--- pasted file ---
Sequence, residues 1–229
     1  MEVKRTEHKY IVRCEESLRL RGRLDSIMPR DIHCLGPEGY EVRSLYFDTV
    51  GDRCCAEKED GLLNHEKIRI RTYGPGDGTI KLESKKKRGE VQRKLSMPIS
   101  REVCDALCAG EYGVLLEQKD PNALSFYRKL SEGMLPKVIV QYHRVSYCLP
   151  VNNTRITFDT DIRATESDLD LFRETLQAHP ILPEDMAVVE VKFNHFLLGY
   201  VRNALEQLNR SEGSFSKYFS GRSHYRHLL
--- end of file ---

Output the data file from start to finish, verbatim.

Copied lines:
Sequence, residues 1–229
     1  MEVKRTEHKY IVRCEESLRL RGRLDSIMPR DIHCLGPEGY EVRSLYFDTV
    51  GDRCCAEKED GLLNHEKIRI RTYGPGDGTI KLESKKKRGE VQRKLSMPIS
   101  REVCDALCAG EYGVLLEQKD PNALSFYRKL SEGMLPKVIV QYHRVSYCLP
   151  VNNTRITFDT DIRATESDLD LFRETLQAHP ILPEDMAVVE VKFNHFLLGY
   201  VRNALEQLNR SEGSFSKYFS GRSHYRHLL